If your school is like most, you have hundreds or even thousands of PDF pages (yes, thousands) linked to your website. And just like your school website is required to be ADA compliant, your PDFs also are required by law to be accessible.

These PDFs, which typically provide important information like lunch menus and student handbooks, or gather information like medical or registration forms, PDFs are as much a part of school as the ABCs. Besides containing important info, however, they may also contain some barriers for those in your school community who have disabilities.

This section sets out to: give you a better understanding of what makes many PDF files unfriendly; provide options for creating accessible PDFs; and point you toward some helpful tools.


1. Identify the most common PDF ‘issues’

In order to be ADA-compliant, all your website PDFs must comply with WCAG 2.1 web accessibility guidelines. Even for those school websites built using content management systems with built-in ADA-compliance, many of the legacy documents may not be accessible. Those files not accessible render your school website out of compliance with federal school website laws and guidelines.

Be on the lookout:

  • Images missing ALT text
  • Wrong/confusing heading semantics
  • Missing document title
  • Language settings
  • Illogical or missing reading order
  • Tables with no defined header


2. Create a PDF production ‘process’ for your school

Having a standardized process in place at your school will help you avoid many of the common issues outlined above. To ensure the PDFs you create going forward are accessible, make this standardized process available to all your PDF publishers. It doesn't have to be complicated. Even a simple checklist will do: title, language, reading order, alt text, H1 before H2.

Keep in mind, some documents shouldn’t remain a PDF or would it be better off a submittable web form or static web page. Some are fairly complex – a physical form, for example – that might be better off being printed to a hard copy and snail-mailed. Not all documents can be PDFs that are readable by screen readers.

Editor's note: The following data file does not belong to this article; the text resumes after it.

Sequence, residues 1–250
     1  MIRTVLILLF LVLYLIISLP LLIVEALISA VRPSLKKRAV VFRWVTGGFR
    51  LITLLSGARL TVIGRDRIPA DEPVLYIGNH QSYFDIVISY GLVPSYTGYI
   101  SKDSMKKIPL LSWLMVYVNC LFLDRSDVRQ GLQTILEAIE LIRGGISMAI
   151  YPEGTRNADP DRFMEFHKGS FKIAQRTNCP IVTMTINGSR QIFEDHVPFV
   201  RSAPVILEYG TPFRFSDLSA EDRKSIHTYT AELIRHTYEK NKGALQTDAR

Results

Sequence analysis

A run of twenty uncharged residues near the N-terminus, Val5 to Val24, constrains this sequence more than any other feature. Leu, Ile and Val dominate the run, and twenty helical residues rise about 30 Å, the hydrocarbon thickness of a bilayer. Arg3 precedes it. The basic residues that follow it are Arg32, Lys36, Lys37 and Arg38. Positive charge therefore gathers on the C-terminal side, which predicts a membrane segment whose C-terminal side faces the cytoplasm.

3. "Manage" your school website PDFs

When deciding how to address your current PDFs, you need to first consider whether you want to leave all your PDFs linked up then go through and fix each in order of priority, or remove them from your site then add them back only as they are needed. Converting (most) PDFs is possible, but potentially very time-consuming.

Depending on your resources, timing, and the number of files you have to convert, your courses of action are:


4. Do it yourself.

You’ll need time and tools, however. I recommend Acrobat DC and PAVE. Acrobat DC, the grandfather of PDFs (and my personal recommendation) has some cool recent accessibility improvements built into its DC product. PAVE is an open source tool developed by a Swiss university. It’s free, so that means it comes with limitations.


5. Hire it out.

The best option. Simply Google ‘website accessibility remediation’ and you’ll find pages of companies lining up to convert your documents, for a fee. Campus Suite, for example, offers PDF Accessibility Compliance Service. It’s a way to affordably manage your school website PDFs. You can check out this recent article about the PDF remediation service.

The Campus Suite Accessibility Compliance Service takes the responsibility off your hands by fixing and keeping your PDFs ADA compliant, so you can focus on education. It includes a Dashboard for reporting and managing all PDFs and Ongoing review and remediation by a certified specialist.

How many does your school have? The typical 5-school district has an average of more than 2,300 pages of PDFs.

With the right tools and/or the right partner, you’ll find some PDFs can be easily converted, some can be converted with some work, others, well, others maybe shouldn’t be a PDF in the first place.

Whichever path you choose – DIY or hiring it out – be sure to let your school community know you’re in the process of addressing PDF accessibility by articulating it in a website accessibility policy. You can download a template for creating your website accessibility policy here.


Next steps:

Chances are, your school website has a lot of PDFs, and you may have a lot of questions about how to make them accessible. For more answers, check out a free webinar video How to Make Your School Website PDFs Accessible. It’s a practical video that includes examples of typical PDF problems and then actual fixes. Also, be sure to check out this article for more specifics on the Campus Suite PDF Accessibility Remediation Service.


PDFs giveth and PDFs taketh away

They're easy to create. Many schools load thousands of them onto their website, but PDFs often come with built-in barriers for those with disabilities. Check the PDFs linked to your website and make sure they're fully accessible.